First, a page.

Court strikes down Montana law barring political robocalls

A federal appeals court says a Montana law that restricts automated telephone calls about political campaigns violates the First Amendment's free-speech protections. (Source: Pixabay)
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HELENA, Mont. (AP) - A federal appeals court says a Montana law that restricts automated telephone calls about political campaigns violates the First Amendment's free-speech protections.

A three-judge panel of the 9th U.S. Circuit Court of Appeals ruled Tuesday that so-called robocalls can't be regulated based on the content of their messages.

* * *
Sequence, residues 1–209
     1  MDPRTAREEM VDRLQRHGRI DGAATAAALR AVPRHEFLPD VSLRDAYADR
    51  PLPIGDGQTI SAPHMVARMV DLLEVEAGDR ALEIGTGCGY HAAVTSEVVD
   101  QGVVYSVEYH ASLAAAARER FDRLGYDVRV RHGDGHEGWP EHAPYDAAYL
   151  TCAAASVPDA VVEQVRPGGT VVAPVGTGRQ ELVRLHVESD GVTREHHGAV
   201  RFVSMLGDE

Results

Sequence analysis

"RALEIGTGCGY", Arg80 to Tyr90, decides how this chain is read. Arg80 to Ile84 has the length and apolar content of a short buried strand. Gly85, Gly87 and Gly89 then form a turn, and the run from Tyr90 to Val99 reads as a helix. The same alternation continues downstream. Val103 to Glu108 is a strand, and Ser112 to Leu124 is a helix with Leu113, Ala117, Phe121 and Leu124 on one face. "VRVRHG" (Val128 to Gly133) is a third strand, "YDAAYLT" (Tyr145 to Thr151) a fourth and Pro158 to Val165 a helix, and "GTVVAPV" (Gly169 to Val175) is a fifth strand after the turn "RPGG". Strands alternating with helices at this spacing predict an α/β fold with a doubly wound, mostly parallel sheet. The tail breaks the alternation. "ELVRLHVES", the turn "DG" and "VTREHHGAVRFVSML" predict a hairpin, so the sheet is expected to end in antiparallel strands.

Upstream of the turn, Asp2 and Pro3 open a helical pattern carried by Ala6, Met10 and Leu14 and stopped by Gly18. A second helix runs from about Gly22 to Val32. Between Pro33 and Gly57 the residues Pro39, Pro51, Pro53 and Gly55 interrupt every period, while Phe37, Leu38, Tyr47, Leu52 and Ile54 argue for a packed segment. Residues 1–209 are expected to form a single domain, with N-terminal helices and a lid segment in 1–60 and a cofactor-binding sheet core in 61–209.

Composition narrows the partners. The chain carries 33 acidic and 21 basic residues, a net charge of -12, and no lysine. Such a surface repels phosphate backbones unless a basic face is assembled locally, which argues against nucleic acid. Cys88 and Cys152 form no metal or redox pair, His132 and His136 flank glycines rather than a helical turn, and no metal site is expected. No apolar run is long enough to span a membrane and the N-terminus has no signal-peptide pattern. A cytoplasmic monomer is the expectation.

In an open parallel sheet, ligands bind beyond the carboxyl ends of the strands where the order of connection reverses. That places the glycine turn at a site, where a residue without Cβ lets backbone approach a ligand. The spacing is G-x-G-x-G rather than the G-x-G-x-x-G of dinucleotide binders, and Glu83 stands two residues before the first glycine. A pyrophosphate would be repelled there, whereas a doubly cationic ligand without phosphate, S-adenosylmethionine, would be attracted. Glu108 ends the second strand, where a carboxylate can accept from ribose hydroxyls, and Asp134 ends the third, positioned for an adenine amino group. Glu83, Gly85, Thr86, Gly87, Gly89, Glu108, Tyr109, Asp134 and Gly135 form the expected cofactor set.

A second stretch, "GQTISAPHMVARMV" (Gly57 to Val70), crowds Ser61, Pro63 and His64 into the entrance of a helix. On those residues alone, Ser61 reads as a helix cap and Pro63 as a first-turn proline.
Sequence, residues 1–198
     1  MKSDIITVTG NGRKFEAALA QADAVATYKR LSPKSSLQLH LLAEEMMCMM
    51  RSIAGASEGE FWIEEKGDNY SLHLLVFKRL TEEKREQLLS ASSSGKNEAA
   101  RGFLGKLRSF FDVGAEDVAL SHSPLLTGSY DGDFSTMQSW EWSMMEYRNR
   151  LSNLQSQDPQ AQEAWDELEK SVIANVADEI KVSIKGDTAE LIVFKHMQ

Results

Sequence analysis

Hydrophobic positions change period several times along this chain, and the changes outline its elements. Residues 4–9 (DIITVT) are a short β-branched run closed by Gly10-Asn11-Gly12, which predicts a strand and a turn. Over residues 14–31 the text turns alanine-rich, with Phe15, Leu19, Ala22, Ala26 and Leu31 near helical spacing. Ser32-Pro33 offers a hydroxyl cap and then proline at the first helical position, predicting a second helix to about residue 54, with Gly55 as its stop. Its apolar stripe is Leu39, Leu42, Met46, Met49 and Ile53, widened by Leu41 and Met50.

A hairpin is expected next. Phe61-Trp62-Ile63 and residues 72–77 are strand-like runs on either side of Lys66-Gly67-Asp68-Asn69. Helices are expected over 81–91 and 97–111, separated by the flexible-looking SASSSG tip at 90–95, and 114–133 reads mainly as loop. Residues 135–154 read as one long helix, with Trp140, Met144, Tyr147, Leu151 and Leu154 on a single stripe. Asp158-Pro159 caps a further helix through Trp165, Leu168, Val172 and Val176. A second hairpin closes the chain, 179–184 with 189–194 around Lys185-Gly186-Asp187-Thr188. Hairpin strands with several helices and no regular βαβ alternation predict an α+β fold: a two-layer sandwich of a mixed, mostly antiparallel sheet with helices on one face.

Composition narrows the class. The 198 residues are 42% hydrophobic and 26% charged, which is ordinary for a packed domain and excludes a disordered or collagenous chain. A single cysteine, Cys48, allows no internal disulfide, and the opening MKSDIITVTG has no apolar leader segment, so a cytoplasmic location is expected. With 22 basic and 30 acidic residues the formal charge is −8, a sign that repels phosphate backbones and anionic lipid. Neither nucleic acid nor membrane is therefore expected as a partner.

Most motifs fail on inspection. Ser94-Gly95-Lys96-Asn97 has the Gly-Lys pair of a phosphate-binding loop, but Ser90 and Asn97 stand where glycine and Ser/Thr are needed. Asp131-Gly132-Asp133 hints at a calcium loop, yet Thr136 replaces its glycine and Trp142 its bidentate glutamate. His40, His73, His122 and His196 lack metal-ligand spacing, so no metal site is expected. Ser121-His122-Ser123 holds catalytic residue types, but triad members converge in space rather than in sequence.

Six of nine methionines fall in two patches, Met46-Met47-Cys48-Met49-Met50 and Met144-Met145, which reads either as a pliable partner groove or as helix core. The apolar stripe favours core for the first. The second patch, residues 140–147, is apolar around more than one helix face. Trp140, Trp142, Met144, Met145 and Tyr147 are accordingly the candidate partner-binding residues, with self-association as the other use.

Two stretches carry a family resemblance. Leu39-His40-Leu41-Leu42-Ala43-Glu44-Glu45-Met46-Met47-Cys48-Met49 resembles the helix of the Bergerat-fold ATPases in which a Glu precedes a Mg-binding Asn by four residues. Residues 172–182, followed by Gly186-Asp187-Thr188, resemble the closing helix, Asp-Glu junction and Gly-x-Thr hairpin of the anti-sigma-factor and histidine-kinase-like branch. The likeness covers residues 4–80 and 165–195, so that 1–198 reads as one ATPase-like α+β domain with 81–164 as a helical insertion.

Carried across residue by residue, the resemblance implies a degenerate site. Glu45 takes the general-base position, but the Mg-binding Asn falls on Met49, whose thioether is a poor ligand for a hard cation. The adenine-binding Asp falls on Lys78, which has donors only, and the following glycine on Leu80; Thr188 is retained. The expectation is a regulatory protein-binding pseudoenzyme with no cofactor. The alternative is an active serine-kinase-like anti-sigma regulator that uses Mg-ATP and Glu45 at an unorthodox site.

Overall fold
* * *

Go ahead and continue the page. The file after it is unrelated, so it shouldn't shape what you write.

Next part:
The ruling that strikes down the 1991 Montana law barring political robocalls also applies to the eight other Western states within the 9th Circuit's jurisdiction.

The judges say the court has previously upheld state laws that regulate robocalls, such as those that aim to protect consumers from scams.

But they say restricting a robocall based on its content is a different matter. The opinion written by Judge Richard Paez says "prohibiting political robocalls strikes at the heart of the First Amendment."

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